He said the US and Europe should offer incentives including support for Iran joining the World Trade Organization, improved economic relations and guarantees against outside attacks.

Read Full Article Here

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Caspian summit rejects Iran attack

Caspian summit rejects Iran attack

October 17, 2007

Russia, Iran and other Caspian Sea states have issued a declaration warning other nations against using their territories for launching military action against any one of them.

The statement came at the end of a summit of leaders of the five nations, and is believed to refer to a possible US strike on Iran launched from Azerbaijan.

Tuesday’s declaration in Tehran also signalled support for Iran’s nuclear programme. However, Vladimir Putin, Russia’s president, said problems remained over the delivery of fuel to Iran’s first nuclear power plant at Bushehr.

The leaders of Turkmenistan and Kazakhstan also attended the summit.

Putin has said that no Caspian Sea state should let its soil be used to attack a fellow coastal country.

“The parties underline that under no circumstances would they allow other nations to use their territory for waging aggression or other military action against any of the parties,” the declaration said.

Putin had said earlier: “We should not even think of making use of force in this region.”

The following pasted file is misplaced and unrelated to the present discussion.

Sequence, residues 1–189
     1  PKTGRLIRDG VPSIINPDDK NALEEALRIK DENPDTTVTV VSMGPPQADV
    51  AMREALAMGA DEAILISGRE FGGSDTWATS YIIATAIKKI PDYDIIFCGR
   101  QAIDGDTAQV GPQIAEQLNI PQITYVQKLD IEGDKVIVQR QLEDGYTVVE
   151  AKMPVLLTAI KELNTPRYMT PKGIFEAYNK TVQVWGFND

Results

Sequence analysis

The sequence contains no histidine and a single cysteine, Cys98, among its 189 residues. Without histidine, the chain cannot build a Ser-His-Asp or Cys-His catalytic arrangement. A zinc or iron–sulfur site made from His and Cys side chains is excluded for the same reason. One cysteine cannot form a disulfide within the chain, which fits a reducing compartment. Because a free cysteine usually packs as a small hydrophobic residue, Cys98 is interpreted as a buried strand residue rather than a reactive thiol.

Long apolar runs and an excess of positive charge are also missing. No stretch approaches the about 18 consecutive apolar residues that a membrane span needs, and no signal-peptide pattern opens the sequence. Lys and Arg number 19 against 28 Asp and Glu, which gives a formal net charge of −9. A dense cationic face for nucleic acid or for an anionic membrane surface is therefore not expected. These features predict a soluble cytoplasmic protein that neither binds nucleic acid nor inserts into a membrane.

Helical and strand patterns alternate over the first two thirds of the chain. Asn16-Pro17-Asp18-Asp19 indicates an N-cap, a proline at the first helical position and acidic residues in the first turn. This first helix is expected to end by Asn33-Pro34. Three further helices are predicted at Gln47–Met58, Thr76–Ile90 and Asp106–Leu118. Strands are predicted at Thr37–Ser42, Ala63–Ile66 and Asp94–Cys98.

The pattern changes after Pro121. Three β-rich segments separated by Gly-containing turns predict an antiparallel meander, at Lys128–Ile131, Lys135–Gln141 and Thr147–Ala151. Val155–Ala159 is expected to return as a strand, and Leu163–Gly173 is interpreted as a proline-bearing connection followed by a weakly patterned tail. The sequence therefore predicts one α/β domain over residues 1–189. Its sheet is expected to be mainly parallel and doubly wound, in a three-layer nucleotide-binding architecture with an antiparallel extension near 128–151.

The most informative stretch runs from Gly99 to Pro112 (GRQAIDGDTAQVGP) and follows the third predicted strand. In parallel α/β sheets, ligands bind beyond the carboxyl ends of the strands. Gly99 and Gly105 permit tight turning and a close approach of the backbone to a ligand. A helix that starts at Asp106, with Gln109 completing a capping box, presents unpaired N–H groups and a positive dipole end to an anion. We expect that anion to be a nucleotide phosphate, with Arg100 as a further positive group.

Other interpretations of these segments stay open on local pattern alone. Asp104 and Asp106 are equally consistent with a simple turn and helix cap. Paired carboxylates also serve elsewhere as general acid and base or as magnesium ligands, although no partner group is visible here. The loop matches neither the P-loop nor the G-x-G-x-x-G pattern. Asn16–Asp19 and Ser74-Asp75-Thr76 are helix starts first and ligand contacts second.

Collectively, the summit participants also said all signatories to the nuclear Non-Proliferation Treaty have a right to develop peaceful nuclear technology.

The states had “expressed the idea that peaceful nuclear activities must be allowed,” Putin said.

Iran is embroiled in a nuclear standoff with Western nations which accuse Tehran of seeking atomic weapons, a charge Tehran denies.

Washington has refused to rule out the use of military action if diplomacy fails to resolve the row.

Azerbaijan facilities

Russian media have speculated that Washington might be trying to negotiate with Azerbaijan on the right to use military facilities in the Caucasus republic.

Azerbaijani officials deny this.

Putin was the first Kremlin leader to travel to Iran since Josef Stalin, the former Soviet leader, attended a wartime summit with Winston Churchill, former British prime minister, and Franklin Roosevelt, former US president, in 1943.